By not attending Biden's inauguration, Trump will follow in the footsteps of Andrew Johnson, who was also impeached and refused to attend the oath of the opponent.

The transition of power in the United States met with problems when President Donald Trump refused to lose to rival Joe Biden, alleging that voter fraud and the election was stolen.


The late US President Andrew Johnson Photo: National Archives

On the evening of January 7, amid rage from both Democrats and Republicans over the Trump-pro-Trump riot at Capitol Hill just as the session was underway, the President finally admitted the White House.

However, the very next morning, Trump suddenly made a new announcement.

With this decision, Trump will become the fourth US president not to attend the inauguration of his successor.

The two men often clashed after the assassination of Republican President Abraham Lincoln in April 1865.

In February 1868, Johnson became the first US president to be considered for dismissal by the House of Representatives after he fired Stanton, in violation of the Term Act, which prohibited the firing of appointed officials without

However, Johnson was so averse to Democrats that they did not nominate him for a second term in the 1868 election. Meanwhile, Grant represented the Republican party to run and win.

The first sign of trouble appeared in early January 1869, when Grant reported "not sharing a car with Johnson when arriving and leaving Capitol Hill".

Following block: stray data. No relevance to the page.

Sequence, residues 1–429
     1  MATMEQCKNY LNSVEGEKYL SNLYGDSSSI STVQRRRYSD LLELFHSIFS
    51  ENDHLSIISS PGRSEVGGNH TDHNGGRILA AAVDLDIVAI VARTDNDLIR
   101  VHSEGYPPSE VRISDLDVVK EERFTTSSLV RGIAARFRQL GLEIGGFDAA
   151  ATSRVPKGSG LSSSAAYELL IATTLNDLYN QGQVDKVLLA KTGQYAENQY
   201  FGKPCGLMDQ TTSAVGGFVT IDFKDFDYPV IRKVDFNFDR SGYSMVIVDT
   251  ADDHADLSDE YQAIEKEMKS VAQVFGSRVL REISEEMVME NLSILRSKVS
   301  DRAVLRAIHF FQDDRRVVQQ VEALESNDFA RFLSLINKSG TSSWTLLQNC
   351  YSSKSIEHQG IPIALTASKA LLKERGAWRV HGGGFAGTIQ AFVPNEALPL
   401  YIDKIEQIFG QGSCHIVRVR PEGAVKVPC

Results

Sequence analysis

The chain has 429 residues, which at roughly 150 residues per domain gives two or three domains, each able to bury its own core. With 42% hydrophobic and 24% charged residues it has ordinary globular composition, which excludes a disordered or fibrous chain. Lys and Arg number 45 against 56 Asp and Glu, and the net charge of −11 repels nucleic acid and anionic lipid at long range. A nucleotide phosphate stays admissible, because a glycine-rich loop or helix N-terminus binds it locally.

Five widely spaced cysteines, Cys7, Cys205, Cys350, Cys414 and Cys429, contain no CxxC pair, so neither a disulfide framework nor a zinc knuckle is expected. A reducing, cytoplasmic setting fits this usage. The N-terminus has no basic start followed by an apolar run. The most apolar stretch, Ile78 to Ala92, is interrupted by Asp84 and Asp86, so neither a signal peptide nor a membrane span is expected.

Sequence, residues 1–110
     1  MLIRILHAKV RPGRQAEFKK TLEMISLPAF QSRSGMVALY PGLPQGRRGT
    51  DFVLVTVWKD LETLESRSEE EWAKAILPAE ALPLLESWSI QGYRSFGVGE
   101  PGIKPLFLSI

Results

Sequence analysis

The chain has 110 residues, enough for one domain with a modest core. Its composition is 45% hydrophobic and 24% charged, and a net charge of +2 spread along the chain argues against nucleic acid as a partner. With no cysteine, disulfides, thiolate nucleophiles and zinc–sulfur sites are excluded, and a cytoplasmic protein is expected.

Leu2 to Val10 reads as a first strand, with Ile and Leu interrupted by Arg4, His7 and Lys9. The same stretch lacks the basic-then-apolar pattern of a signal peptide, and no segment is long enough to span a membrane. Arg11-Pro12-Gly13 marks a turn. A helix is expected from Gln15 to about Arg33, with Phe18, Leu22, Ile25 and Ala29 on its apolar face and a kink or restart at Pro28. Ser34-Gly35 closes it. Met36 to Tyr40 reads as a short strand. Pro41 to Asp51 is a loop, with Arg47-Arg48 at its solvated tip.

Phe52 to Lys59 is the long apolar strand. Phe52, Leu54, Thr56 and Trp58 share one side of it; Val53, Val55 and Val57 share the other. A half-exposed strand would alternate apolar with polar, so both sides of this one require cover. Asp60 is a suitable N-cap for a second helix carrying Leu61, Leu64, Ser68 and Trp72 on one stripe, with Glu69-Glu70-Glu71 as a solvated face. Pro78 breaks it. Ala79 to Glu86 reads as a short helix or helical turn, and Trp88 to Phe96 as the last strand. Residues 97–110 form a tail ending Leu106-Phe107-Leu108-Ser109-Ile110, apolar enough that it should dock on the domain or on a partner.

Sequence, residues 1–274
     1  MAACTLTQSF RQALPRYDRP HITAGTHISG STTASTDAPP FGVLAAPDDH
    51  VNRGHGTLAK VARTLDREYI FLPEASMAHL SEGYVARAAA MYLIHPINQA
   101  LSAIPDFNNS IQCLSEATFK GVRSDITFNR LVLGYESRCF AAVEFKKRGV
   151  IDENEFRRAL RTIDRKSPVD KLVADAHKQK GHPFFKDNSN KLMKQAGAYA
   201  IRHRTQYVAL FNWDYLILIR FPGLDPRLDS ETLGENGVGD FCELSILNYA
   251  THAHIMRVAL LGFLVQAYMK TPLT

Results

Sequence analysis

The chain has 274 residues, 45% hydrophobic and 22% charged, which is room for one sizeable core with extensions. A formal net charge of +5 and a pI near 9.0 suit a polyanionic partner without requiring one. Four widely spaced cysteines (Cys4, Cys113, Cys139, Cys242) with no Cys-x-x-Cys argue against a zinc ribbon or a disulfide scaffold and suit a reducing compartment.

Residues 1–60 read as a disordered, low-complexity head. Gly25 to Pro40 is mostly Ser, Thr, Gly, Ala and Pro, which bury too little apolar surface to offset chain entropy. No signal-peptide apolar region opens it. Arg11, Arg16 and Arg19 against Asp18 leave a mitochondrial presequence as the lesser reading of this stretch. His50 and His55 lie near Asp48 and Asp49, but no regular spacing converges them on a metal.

Johnson did not publicly react to this plan.

Welles also noted that Johnson was not the first president to not attend the inauguration of his successor.

Johnson is happy with Welles' proposal.

However, some cabinet members wanted to attend, especially Secretary of State William Seward, who served under Lincoln.

Finance Minister Hugh McCulloch also expressed interest in coming to the inauguration, arguing that Johnson would look "petty" if he refused to attend.

At the March 2 meeting, Johnson agreed that he and the cabinet should attend Grant's inauguration together, with plans to gather at the White House on the morning of March 4, despite Welles insistently complaining that they

However, Johnson changed his mind at the last minute.

On the cold inaugural morning, Welles was the first to arrive at the White House and shake hands with Johnson.

The other cabinet members then took turns present.

Johnson replied that he wanted to "get the job done here".

When Grant was about to take the oath of office, Johnson remained in the White House to sign bills and "pardon the criminals", according to reports from several newspapers.

"I feel like I can smell the sweet scent of the Tennessee mountains," Johnson recalled his hometown as he stepped out of the White House door one last time.